So Kindle Unlimited Gives Traditionally Published Books an Advantage – What Else is New?

4340980647_3237664cc3_o[1]Kindle Unlimited may have only launched on Friday but it's already having an affect on the Kindle Store rankings. A check of the Kindle Store "paid" best seller list this morning has revealed that 45 of the top 100 titles on the list were included in Kindle Unlimited.

Among the 45 titles were 17 titles from Amazon, 15 traditionally published titles which are included in Kindle Unlimited, and 13 titles which are part of the KDP Select program. The best seller list also included 14 self-published titles which are not part of KDP Select and thus not exclusive to Amazon.

This is a marked change from the week ending July 13, which Publishers Lunch says had 14 titles from Amazon Publishing and KDP Select on the list (as well as 25 additional self-published titles and 1 traditionally published title which is now part of Kindle Unlimited). And the week before that the best seller list included 7 titles from Amazon Publishing and KDP Select, 26 additional self-pub titles, and a single traditionally published title which is now part of Kindle Unlimited.

Kindle Unlimited launched on Friday with a catalog of 640,000 plus titles which Amazon customers in the US can read for a fee of $9.99 a month. Most of the titles (over 550,000) are drawn from KDP Select, with a levening of titles from traditional publishers including Wiley, Scholastic, WW Norton, HMH, and more (but no titles from the Big 5).

That program is only 5 days old but it is already having an effect on Amazon's best seller list.

Far from being a simply tally of units sold, Amazon has long used many different factors to generate their best seller lists. At one point free ebooks affected the rankings, but their influence has lessened with time. Loans made via Kindle Owner's Lending Library and Kindle Unlimited, on the other hand, can have a significant effect, and the free ebooks given away as part of the Kindle First program also can cause a spike in sales.

As you can see from the data summarized above, the launch of Kindle Unlimited is having a positive effect on any titles included. Whether this translates to actual sales is another matter.

It's not clear how the rankings affect the revenues of indie authors, who are paid shares out of a pool of money, but the traditional publishers with titles in KDP Select are probably quite pleased. At least some of those publishers, including (at a minimum) Scholastic, are paid full price for each loan made via KU and KOLL. Others were recruited to the program and are paid when 10% of an ebook is read.

This does unfortunately relegate self-published authors to second-class status, but that is not new. The payment terms for Kindle Unlimited are identical to the terms for KOLL, including how the traditional publishers are reimbursed. In other words when sites like DBW make claims like "Kindle Unlimited’s Two-Tier System Makes Some Authors Second-Class Citizens", they are wrong from the get-go.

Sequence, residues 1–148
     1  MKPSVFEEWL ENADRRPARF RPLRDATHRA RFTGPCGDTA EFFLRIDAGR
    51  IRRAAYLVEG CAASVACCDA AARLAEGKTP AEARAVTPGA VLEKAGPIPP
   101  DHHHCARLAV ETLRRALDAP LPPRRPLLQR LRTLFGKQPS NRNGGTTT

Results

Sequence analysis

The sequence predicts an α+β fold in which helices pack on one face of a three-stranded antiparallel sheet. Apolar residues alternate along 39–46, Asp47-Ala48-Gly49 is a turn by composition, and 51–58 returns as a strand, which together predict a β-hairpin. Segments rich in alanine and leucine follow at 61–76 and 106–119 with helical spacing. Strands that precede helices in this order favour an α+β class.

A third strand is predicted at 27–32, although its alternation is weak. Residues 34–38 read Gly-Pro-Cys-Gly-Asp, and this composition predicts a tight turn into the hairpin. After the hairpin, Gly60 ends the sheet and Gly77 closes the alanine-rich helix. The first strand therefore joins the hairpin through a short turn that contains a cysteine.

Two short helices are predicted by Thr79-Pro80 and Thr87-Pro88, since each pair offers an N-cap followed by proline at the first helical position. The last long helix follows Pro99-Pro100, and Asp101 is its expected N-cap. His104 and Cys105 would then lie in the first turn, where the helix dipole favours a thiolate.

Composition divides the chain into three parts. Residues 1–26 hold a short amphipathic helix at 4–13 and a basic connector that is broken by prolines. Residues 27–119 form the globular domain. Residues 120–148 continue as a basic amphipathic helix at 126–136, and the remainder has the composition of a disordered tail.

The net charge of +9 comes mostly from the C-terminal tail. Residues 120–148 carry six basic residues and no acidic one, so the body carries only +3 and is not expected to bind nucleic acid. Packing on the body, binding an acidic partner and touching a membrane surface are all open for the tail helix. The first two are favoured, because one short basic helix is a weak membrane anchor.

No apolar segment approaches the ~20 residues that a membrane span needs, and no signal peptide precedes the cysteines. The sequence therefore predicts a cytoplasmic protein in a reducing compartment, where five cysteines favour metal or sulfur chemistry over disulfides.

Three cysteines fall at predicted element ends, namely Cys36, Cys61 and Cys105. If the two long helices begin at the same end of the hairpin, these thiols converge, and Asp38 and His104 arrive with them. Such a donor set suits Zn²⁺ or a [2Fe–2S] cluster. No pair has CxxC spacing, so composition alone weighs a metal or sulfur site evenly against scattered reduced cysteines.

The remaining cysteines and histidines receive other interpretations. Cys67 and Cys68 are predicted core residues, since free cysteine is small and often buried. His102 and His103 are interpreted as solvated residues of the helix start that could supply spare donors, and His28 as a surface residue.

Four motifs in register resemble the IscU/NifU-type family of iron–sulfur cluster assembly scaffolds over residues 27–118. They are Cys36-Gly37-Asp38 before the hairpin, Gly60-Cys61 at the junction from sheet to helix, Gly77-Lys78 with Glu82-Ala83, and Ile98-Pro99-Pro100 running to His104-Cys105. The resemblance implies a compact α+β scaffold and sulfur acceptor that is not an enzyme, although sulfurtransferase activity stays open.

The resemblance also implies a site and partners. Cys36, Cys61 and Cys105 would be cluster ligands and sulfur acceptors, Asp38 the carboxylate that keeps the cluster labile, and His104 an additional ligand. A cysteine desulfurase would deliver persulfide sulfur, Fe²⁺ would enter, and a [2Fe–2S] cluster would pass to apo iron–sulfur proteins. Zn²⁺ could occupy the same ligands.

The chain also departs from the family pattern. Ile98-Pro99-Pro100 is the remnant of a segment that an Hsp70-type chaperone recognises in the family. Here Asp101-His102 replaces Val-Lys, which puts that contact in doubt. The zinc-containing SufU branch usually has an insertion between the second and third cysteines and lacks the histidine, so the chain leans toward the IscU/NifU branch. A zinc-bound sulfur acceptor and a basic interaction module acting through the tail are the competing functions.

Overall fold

Are self-published authors treated as second class citizens? Maybe(*), but if that is the case then it's certainly not a new situation. There are several privileges that the majority of indie authors don't have (including pre-order buttons) which are available to traditionally published authors. So if you really want to label them second class citizens then they've always been mistreated by Amazon.

On the other hand, self-pub authors have the option of removing their titles from Kindle Unlimited, and traditionally published authors do not.  Also, indie authors get 70% (ish) of retail, while traditionally published authors do not. So who exactly is the second-class citizen?

I find that term absurd, and that goes double when you consider the current debate in its historical context. As Hugh Howey pointed out yesterday, much of the hand-wringing going on right now is a repeat of the debate surrounding KDP Select in 2011:

I’m having a Groundhog Day moment, here. Indies are getting screwed. Exclusivity is death for authors. We are in coach and Big 5 authors are in first class. Our pay is going down.

The same discussion exploded on KBoards back in 2011. They were the Kindle Boards at the time, and self-publishing was a lot more stigmatized than it is today. Amazon launched a program called KDP Select, and if you went exclusive with them, you gained two marketing advantages: Your ebooks became part of the Kindle Lending Library, and you were granted 5 “free” days for every 90-day period of Select.

There is really little to differentiate between the treatment of indie authors in KOLL and KU, aside from perhaps the fact that the increase in the number of publishers participating in Kindle Unlimited.

That increase might negatively affect the net gain an indie author sees from Kindle Unlimited, in which case they might be better off if they pull out. But as I pointed out on Sunday, there is no one size fits all for the ebook market and there never has been.

Publishers Lunch

P.S. Do you know the absolutely crazy part about the idea of indie authors being second-class citizens? It's that traditional publishers would have treated those authors worse, including shutting out the majority of authors.

image by Emily Carlin

About Nate Hoffelder (11598 Articles)